MDCC Big Question Series: Professor Catherine Cardelús and Her Passion for the Rainforest

Robert “Jerry” Pfeifer, Staff Writer

On Sept. 7, Professors of Biology Catherine Cardelús and Engda Hagos contributed to the MDCC Big Question Series in Jane Pinchin Hall with a PowerPoint presentation and a tear-jerking personal talk. Cardelús was brought to a point of deep insight into her life — she advised students with the decisions she has made that she sees as the most fruitful and cautionary advice about what students may encounter in their scholarly lives.

Cardelús began her presentation by explaining that each person’s life is different, and despite what our expectations may tell us, life never ends up as planned. She told us that each of our lives was unique in some way, as was hers. In her senior year of high school, Cardelús took a high school equivalency exam and skipped straight to Barnard College.

As Cardelús presented her slideshow, she glanced at the photo of her former Barnard biology professor. It brought her to tears. 

“I’m sorry… I’m a crybaby. Actually, I’m not sorry because this is who I am, and Dr. Helen Young was a very, very important person to me, a botanist […] I wanted to be like this woman. She successfully balanced a research career, teaching and children […] She told me go to the Organization for Tropical Studies in Costa Rica with my research fellowship to experience rainforests before I committed to studying them in graduate school. It turned out to be the best thing in the world. I went and haven’t stopped going.”

Cardelús expected to go on a pre-med track when she entered college but fell in love with botany instead. She reflected on her trip abroad to study rainforest canopy ecology in Costa Rica, which became a lifelong passion. Reflecting on these moments, she offered advice to the audience of students.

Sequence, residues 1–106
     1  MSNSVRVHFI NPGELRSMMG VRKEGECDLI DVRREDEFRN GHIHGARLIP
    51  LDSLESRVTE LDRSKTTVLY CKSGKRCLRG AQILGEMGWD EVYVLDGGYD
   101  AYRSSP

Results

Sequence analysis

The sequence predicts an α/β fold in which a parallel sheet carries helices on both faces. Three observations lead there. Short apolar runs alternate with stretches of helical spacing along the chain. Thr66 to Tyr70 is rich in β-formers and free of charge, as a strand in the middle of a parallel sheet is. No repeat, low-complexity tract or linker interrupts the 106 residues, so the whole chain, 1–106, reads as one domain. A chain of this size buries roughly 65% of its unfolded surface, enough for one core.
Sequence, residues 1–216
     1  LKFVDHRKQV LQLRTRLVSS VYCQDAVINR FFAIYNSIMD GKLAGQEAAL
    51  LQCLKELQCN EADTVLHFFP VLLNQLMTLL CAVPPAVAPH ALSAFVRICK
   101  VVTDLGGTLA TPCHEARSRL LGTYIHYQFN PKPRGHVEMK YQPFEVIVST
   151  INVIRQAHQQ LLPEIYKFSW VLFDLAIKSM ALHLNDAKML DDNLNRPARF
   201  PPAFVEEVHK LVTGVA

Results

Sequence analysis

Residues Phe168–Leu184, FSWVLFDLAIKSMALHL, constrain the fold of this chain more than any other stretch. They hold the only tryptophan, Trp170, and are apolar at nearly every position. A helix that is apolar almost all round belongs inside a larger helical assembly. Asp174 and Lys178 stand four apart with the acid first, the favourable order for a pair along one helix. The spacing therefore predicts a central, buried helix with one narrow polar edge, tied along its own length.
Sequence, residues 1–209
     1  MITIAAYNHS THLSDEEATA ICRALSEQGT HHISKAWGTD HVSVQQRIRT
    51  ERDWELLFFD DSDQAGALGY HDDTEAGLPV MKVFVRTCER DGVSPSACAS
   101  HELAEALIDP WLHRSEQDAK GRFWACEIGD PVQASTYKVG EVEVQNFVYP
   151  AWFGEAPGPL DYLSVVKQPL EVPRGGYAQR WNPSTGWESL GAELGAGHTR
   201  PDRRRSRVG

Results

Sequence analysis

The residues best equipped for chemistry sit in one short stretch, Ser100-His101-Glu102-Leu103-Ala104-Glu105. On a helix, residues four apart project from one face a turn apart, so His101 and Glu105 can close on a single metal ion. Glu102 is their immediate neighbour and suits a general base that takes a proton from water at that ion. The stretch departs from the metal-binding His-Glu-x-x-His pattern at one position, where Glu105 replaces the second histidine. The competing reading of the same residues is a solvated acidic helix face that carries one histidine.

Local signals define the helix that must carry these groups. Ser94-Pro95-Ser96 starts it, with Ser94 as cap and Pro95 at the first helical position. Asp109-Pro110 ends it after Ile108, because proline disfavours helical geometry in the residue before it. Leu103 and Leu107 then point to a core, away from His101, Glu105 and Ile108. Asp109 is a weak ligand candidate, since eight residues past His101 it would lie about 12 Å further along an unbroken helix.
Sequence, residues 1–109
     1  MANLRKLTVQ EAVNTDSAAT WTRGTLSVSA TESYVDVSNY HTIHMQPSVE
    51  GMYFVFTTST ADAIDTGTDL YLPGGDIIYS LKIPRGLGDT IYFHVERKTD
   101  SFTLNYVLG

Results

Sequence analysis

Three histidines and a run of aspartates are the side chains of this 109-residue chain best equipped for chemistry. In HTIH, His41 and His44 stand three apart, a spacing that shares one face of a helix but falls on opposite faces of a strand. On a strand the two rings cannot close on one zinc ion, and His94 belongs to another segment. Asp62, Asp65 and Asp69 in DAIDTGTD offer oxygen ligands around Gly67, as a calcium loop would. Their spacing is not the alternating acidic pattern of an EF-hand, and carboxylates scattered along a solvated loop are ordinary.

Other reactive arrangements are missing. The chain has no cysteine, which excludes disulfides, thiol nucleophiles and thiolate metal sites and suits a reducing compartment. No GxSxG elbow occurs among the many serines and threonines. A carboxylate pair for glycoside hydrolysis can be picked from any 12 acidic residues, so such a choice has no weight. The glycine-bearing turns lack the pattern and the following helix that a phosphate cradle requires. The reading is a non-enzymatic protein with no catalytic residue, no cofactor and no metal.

“The critical piece to all of this is to have a huge amount of fun. Don’t go by doing things without having fun. You can get so much out of this institution. Do what takes you out of your comfort zone because you don’t know what you enjoy. Allow yourself not to do your typical. Play with it a little bit. That’s what my advice would be.” 

She also told the audience about difficulties she encountered in her field as a woman, recalling a time when a tree climbing instructor in South America would not teach her because they believed it was not a task a woman could handle. 

However, to her, the long and arduous journey was worth it for the experiences and opportunities she gained, particularly at Colgate. She spoke about specific campus research projects and the students she has worked with, referring to them by name. She recalled a particular example in her work that had a direct and positive impact on the environment— when her team worked with the town of Hamilton to build a system to cull the vast local invasive deer population.

Sophomores Anna Miksis and Zilin Zhou attended the dinner.

“My favorite part of Colgate is [its] professors, and it was a beautiful and inspiring thing to hear Professor Cardelús’ story. While I have limited enthusiasm for science, I do have passions for the humanities. I saw in Professor Cardelus’s story the kind of life I could build if I am dedicated to nurturing the curious, academic, passionate side of myself.”

“Professor Cardelous really inspires me as a female student who wants to major in biology. As in my sophomore year, I am still exploring further among all the divisions in biology, seeking more holistic experience and understanding from specialists in the ecology and zoology areas. This sharing provides me with a rather versatile view of my career exploration and more possible attempts that I can take.”

Professor Cardelús spoke openly, breaking down her experiences to the fundamental psychological decision-making that got her to where she is today. She also gave the audience an overarching perspective of what her passion for natural sciences concerning different courses of study means to her, providing an outlook on education, nature and individual growth that was both authentic and invaluable to listeners.